NIH must do more to safeguard research, OIG says

Fifty-four percent of research institutions funded by the National Institutes of Health failed to publish financial conflicts-of-interests policies online in 2018, sparking concerns that federal research may be susceptible to foreign influences, according to a Sept. 25 report from the HHS's Office of Inspector General. 

To determine whether the NIH ensures its institutions report financial interests and research support, the OIG reviewed 1,875 institutions that received NIH grants in fiscal year 2018 and were required to have financial conflict-of-interest policies. 

OIG found that 1,103 institutions did not post these policies on their websites. Of the 90 institutions with websites but no posted FCOI guidelines, 45 percent either did not have FCOI policies or did not respond to the OIG's request to provide them. Ten institutions did not have websites, with 30 percent lacking FCOI policies and 10 percent ignoring the request to provide a policy. In addition, the report found that NIH only conducted three audits in 2018 to review institutions' efforts to protect their research, compared to 28 in 2012.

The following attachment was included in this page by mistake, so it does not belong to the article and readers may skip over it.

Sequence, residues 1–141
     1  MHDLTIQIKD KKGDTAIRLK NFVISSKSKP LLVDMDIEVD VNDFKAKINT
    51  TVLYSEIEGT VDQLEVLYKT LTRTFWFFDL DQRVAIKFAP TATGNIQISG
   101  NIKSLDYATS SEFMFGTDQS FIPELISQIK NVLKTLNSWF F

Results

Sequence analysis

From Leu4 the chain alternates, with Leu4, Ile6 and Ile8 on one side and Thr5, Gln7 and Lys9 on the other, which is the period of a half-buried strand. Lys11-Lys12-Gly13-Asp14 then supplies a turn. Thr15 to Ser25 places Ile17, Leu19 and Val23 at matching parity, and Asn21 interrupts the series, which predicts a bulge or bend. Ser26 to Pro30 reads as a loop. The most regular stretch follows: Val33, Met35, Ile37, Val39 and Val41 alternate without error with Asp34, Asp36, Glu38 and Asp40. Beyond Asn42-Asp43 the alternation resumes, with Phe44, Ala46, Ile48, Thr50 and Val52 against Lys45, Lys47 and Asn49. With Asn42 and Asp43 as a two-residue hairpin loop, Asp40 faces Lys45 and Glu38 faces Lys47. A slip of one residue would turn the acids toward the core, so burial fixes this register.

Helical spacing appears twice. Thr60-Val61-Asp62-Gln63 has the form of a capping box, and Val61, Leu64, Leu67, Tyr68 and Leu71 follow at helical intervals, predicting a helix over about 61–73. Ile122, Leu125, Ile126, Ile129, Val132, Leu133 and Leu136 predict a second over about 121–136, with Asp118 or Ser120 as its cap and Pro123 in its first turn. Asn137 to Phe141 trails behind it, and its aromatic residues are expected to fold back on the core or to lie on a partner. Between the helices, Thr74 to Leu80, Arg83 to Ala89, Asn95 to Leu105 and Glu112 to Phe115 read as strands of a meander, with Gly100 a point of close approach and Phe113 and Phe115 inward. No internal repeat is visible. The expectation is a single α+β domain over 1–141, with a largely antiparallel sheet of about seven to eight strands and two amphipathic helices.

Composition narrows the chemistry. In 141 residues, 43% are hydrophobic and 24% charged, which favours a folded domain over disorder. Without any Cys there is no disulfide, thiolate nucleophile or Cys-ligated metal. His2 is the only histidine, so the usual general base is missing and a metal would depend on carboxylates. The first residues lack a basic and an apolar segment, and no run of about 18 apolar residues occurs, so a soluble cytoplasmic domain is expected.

"The concern, generally speaking, is whether financial interests threaten or distort the use of NIH funds for their intended research purpose or the results of that scientific research," Erin Bliss, assistant HHS inspector general, told STAT, citing the potential for stolen intellectual property as a risk to national security. 

The inspector general’s office recommends the NIH develop a risk-based approach for screening peer reviewers and improve its monitoring of institutions to ensure deficiencies do not continue.

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